Private investors look to Saudi healthcare sector for high profits

The COVID-19 pandemic has highlighted the large gap in Saudi Arabia between available facilities and the potential needs of a rapidly growing population. The Saudi Ministry of Health has launched several public–private partnership (PPP) initiatives in line with its National Transformation Programme, seeking to expand and improve the country’s healthcare sector through foreign and domestic private investment.

In 2017, the Saudi Arabian General Investment Authority (SAGIA) provided for 100 percent ownership to foreign investors in the healthcare sector. In 2020, the government also made a budgetary allocation of SAR 167 billion toward the privatization of 295 hospitals by 2030, improvement of medical education and digitization of patient records.

“The government is keen to invest in and improve policies related to the sector, strengthening the legal and regulatory framework that would make it attractive for investors,” Makarem Sobhi Batterjee, President, Saudi German Hospitals Group, told Zawya.

Investors have been responsive, for the projected profitability in the sector is high. There has been a spate of new projects and partnerships in recent months associated with hospitals run by the Ministry of Health, other government hospitals and private operators. Healthcare institutions specializing in areas such as diabetes and extended care are also witnessing higher investor interest.

According to Colliers International, the expected investment in the Saudi healthcare sector till 2030, largely from the private sector, will be between $16.2 billion and $26.3 billion.

“Presently, Colliers is working with Saudi investors to bring in two international operators to set up a 200-bed tertiary care hospital and one rehabilitation hospital in the Kingdom. The total expected investment for these two projects will be around SAR 1 billion,” Mansoor Ahmed, Director, MENA Region, at Colliers International told Zawya.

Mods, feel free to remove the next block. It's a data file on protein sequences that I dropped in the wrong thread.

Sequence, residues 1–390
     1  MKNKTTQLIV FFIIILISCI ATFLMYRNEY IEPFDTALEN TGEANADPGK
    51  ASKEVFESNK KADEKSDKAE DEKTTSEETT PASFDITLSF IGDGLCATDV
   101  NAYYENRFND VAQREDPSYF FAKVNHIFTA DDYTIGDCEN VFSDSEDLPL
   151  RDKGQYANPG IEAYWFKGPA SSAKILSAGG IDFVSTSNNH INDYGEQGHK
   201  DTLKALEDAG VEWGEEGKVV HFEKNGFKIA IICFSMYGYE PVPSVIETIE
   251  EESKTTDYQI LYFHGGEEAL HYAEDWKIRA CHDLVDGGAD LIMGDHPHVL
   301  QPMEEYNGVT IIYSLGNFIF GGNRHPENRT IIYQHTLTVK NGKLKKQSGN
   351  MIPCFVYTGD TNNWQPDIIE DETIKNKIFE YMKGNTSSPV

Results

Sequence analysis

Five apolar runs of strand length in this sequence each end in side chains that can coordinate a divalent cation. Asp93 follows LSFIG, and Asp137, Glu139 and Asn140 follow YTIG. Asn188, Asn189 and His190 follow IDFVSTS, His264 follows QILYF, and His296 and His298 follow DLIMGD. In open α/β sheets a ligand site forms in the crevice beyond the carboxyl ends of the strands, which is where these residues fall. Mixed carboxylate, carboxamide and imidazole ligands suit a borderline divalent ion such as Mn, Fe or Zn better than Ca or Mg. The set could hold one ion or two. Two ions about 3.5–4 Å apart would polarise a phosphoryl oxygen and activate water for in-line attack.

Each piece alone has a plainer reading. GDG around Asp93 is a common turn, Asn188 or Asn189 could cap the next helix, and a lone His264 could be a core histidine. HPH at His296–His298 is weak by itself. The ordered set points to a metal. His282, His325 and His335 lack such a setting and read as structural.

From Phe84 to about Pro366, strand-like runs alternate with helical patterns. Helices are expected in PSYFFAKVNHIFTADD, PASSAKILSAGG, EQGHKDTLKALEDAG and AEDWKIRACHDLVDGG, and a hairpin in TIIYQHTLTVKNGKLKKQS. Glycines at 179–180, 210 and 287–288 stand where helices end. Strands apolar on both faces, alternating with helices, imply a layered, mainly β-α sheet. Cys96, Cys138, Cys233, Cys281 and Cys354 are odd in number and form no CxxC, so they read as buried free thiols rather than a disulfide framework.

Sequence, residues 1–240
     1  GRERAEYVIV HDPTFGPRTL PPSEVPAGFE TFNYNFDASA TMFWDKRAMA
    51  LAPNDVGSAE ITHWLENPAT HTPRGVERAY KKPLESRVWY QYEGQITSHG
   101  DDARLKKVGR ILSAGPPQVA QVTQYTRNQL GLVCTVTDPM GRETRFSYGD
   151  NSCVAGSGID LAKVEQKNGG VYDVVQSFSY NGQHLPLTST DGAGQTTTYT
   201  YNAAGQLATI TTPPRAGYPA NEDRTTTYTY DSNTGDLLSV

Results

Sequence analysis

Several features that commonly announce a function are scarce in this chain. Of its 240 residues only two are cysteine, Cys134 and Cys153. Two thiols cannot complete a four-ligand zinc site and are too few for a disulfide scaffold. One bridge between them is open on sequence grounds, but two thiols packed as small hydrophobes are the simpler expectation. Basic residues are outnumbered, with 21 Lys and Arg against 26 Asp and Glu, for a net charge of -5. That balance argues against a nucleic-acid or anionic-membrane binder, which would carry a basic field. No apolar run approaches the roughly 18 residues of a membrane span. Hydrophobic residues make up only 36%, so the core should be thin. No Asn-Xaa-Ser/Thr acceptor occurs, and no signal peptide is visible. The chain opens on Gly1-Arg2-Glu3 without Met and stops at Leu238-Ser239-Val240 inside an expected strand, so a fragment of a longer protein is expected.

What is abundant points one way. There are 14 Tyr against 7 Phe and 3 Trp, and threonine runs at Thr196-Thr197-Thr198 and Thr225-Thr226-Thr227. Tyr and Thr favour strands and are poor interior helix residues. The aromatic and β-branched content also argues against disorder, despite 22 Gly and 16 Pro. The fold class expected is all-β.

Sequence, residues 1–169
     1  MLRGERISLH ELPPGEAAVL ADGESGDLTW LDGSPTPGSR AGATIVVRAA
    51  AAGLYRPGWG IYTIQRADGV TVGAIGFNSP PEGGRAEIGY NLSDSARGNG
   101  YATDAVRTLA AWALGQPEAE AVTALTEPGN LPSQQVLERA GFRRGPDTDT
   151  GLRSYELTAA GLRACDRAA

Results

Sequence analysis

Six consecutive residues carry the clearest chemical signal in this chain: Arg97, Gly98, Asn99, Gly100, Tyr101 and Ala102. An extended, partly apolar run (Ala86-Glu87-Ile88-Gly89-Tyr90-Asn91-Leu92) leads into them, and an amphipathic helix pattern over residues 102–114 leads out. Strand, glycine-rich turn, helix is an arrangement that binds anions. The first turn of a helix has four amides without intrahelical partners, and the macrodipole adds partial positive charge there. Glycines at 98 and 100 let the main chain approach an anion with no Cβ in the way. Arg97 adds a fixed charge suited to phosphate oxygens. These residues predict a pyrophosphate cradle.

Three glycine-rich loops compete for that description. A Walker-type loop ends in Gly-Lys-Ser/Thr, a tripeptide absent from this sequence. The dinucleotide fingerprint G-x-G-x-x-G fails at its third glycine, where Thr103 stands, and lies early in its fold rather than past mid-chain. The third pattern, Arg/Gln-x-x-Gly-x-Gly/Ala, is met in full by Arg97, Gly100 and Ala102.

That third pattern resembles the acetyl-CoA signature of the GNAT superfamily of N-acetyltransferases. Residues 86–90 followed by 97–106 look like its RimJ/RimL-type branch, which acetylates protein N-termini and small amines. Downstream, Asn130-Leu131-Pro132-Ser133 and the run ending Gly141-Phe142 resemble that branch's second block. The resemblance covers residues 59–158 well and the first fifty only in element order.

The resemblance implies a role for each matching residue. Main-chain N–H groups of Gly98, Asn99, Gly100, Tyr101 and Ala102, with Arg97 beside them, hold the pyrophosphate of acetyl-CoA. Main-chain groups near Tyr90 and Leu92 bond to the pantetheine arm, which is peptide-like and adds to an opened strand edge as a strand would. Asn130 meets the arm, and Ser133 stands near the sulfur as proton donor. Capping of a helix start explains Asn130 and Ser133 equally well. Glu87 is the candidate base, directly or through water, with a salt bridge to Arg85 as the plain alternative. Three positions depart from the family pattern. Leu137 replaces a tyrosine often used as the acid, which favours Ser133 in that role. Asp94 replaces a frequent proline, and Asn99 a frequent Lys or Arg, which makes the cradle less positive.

“While the deal values vary depending on the magnitude of the project, I would definitely say that investors are looking at [an internal rate of return] of between 15 and 20 percent,” said Daniel Royle, Partner at Clifford Chance. “It is a very profitable sector.”

Opportunities abound in most healthcare segments, but diabetes treatment and extended care are especially prominent. “The Kingdom has one of the highest prevalence of lifestyle diseases in the world, with 18.5 percent of the population over 20 years suffering from diabetes, 35 percent from obesity and over 23 percent suffer from hypertension,” said Ahmed.   

Ahmed also noted that daycare surgical centers and cosmetic and wellness clinics offer higher returns than tertiary care hospitals or rehabilitation, but the volumes are higher in the latter. According to Batterjee, wellness, cosmetics, and medical tourism are gaining popularity.

According to Sandeep Sinha, Head of Healthcare, Strategic Consulting at JLL MENA, investors need to have a very strong operating partner (hospital group) and an asset light model with a property company in a good location with clear clinical service mix, positioning of customer segment, and implementation of revenue cycle management for better cash flow.

“Single specialty formats and asset light models (rental model for hospitals) will see a decent growth. There is huge demand in extended care (LTC, rehab and home care), urgent care, wellness, mother and childcare, and primary care segments in KSA,” he told Zawya.


One of the key challenges to entry is the high funding requirement, and investors, both local and foreign, often struggle to secure the necessary finance without alternative cash flows.

“Despite the fact that banks and other financial institutions actively seek investments within its healthcare sector, they often limit their exposure by only servicing known market participants with proven track records,” said Mansoor.

Royle also noted that, in the deals he has worked on, foreign investors preferred to form joint ventures with established local businesses with experience in healthcare.

Another key potential risk is the availability of human capital. “Without qualified and specialized human resources, even the best medical facilities with the most advanced medical equipment are not enough,” said Mansoor. “By 2030, there will be an additional demand for 31,000 doctors, 66,000 nurses, 5,000 pharmacists and 45,000 allied health professionals.”

Delayed payments of government receivables are another potential risk for healthcare companies. Companies that have significant exposure to the government and government-related entities sometimes carry receivables on their books for years.




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